3 Replies to “Digital Preservation survey: Jacobus tenBroek Library at the National Federation of the Blind”

  1. It looks like this library has one of the classic problems of public institutional libraries; plenty of knowledge, not enough staffing. I remember the state library of Pennsylvania established a partnership with the Internet Archive to help manage their digital collections, because they had a similar problem. Is partnerships with other organizations a possibility here? Also,

    Btw, not directly related, but I read an interesting article concerning Hathitrust and a way it is seeking to help improve the situation for visually disabled students. http://lj.libraryjournal.com/2012/11/copyright/hathitrust-verdict-could-transform-university-access-for-the-blind/#_

    Also was reading this article concerning the braille digitization process, and it sounds like it may require special equipment and software; is this available at this library? http://hyperallergic.com/315582/digitizing-the-worlds-largest-braille-music-collection/

  2. Hey Scott,

    To your first question about partnerships, yes, there has been some coordination at times between the tenBroek Library and local universities, and I agree, collaboration is practically a necessity for all cultural and educational organizations. Our resources are so limited that we can’t realistically do everything in our own silos.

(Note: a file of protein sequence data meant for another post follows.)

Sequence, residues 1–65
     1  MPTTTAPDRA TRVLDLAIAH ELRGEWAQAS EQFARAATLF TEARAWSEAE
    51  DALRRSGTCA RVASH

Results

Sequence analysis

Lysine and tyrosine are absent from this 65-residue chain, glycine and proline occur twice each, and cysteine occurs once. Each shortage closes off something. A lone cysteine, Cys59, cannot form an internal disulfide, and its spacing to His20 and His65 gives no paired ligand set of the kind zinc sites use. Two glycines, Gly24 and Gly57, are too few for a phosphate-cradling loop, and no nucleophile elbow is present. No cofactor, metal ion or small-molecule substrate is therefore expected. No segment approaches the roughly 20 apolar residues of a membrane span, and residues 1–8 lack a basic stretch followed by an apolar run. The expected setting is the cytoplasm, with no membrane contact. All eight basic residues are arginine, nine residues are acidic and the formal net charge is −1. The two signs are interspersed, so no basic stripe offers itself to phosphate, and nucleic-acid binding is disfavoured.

Your later points came up in my discussions with the archivist/librarian, Anna. NFB is very aware of the Chafee Amendment that allows for transformation of copyrighted materials for the use of the blind and visually impaired (as discussed in that HathiTrust article). They summarize it here: https://nfb.org/copyright-changes

    What’s more, they have been actively involved in expanding that same copyright exemption internationally via WIPO treaty provisions (https://nfb.org/images/nfb/publications/bm/bm13/bm1308/bm130810.htm). The WIPO Marrakesh Treaty just went into effect in September!

    We also talked a little about digitization of Braille. It’s outside the scope of our project, but I was curious. NFB/tenBroek does not have the expensive equipment needed for digitization (some info is here https://en.wikipedia.org/wiki/Optical_braille_recognition). They DO have important and unique Braille manuscripts and documents (for example, things composed on a Braille typewriter). As I mentioned above, it is most cost-effective to do audio recordings of Braille documents by having someone read it aloud.

Leave a Reply

Your email address will not be published. Required fields are marked *